Lena's mother, father, and grandmother would go down to the church every night.  There was usually some kind of meeting going on there.  One night it was the older women, one night the older men, one night the children, one night the young adults, etc.  (I attended the young adult service and really enjoyed it, even though I only understood about 30% of it!)  If they weren't involved in the actual service, her parents and grandmother would sit in the covered veranda-type area outside the church doors and just talk with whoever showed up.  On several occasions Lena and I would join them after our walks.  Oh, and the one night there were no activities at the church we sat outside Lena's house (on the roof of the church) and talked there.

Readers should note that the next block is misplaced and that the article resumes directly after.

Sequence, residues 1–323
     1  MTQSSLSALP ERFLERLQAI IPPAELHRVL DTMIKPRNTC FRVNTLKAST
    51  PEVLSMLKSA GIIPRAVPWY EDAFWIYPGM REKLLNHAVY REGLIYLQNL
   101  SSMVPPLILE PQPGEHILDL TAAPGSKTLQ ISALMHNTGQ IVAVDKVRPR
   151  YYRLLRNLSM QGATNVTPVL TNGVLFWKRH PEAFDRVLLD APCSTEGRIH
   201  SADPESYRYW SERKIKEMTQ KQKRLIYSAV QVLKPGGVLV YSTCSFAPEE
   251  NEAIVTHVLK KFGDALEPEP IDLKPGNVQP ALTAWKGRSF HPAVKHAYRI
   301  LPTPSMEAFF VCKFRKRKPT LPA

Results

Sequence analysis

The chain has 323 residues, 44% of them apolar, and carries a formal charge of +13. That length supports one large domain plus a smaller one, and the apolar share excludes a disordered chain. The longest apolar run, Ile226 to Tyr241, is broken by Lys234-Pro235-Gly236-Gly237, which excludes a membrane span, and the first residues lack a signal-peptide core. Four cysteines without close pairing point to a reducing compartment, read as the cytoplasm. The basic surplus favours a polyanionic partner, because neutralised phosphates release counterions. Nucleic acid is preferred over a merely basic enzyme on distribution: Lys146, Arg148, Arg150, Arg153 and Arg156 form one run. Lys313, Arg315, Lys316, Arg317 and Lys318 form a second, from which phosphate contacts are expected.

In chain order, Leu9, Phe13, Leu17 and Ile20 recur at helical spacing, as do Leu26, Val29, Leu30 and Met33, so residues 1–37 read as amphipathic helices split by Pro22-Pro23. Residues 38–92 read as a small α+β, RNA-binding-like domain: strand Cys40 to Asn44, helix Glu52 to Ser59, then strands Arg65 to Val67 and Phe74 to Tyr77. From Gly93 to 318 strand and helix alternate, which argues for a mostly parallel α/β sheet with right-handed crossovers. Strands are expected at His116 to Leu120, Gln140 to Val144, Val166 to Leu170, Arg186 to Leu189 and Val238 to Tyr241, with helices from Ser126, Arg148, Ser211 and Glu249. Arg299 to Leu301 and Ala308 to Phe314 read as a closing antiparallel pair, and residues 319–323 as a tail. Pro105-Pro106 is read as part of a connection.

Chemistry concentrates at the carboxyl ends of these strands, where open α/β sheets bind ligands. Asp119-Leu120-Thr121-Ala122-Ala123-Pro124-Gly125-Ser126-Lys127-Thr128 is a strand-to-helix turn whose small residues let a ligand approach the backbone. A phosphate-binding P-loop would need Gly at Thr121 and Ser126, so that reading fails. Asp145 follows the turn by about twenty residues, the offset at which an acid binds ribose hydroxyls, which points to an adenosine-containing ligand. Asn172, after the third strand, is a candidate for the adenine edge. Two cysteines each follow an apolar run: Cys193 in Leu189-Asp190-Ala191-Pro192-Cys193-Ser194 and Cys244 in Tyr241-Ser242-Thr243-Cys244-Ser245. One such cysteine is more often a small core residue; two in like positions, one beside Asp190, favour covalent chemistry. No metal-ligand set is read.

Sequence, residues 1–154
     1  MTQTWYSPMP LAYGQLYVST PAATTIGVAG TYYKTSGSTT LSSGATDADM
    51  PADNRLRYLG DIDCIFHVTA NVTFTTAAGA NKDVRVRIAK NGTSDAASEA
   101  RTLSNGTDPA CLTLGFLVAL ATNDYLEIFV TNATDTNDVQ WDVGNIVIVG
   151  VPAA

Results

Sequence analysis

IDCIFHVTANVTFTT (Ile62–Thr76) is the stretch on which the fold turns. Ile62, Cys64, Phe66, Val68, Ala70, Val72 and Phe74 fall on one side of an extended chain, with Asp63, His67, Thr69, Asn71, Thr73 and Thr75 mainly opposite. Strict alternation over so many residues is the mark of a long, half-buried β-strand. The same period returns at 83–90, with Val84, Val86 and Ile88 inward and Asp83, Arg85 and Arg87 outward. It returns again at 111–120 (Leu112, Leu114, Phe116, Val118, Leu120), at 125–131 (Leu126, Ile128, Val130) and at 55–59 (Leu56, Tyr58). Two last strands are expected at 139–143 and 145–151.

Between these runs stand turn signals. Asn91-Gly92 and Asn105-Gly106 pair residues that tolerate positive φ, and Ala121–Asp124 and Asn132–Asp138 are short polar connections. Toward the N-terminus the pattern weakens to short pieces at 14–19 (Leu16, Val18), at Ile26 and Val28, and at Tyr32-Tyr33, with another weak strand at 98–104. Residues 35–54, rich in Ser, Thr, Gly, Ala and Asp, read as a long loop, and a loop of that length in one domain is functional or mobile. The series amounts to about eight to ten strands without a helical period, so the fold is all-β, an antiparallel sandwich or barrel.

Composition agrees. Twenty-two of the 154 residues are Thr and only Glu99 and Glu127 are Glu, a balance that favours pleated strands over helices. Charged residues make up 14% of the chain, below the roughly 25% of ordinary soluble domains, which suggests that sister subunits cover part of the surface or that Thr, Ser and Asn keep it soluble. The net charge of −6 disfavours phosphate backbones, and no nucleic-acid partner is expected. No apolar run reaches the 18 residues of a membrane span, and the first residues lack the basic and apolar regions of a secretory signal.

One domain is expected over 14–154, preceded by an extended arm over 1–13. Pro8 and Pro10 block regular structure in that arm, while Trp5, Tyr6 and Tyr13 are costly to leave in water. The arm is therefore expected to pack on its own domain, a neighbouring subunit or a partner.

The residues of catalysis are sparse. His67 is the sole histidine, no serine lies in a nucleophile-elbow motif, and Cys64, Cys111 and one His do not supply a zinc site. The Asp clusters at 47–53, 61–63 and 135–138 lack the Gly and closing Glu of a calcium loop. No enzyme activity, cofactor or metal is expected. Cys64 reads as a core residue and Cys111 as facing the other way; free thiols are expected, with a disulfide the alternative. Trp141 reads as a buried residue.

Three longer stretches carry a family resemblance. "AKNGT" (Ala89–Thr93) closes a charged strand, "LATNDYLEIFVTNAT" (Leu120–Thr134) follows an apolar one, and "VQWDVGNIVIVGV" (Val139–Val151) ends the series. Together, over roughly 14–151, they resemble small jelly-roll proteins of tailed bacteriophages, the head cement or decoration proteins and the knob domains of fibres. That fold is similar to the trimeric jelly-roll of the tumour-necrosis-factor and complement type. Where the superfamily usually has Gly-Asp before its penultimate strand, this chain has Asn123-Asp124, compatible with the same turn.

When Lena and I went out, we walked everywhere since the town was so small.  We walked to the Nile many nights.  There is a nice green park there and a promenade along the Nile as well.  Across from the park at one point is a carnival-type situation.  It had a ferris wheel and a couple of other carnival rides, and then a small bazaar with many items for sale.  Lena and I also got ice cream most nights.  That was nice.  As we walked home one night, I kept looking for a trashcan to throw my ice-cream cup away, but there were none.  In Alex they're all over the place (not that anyone uses them).  Egyptians have no problem at all just throwing their trash wherever they please.  So when I was with Lena, I asked her where a trashcan was, and she said, "The ground."  I told her that wasn't very good--it made the town ugly, etc. etc.  She just laughed and said, "Well, there's no trashcan."  I jokingly said maybe I should just set it on one of the parked cars we were walking by.  And right after I said it, we passed one where someone had done just that!  It was a white car and someone had smeared the remnants of their chocolate ice cream cone all over the hood.  Nice.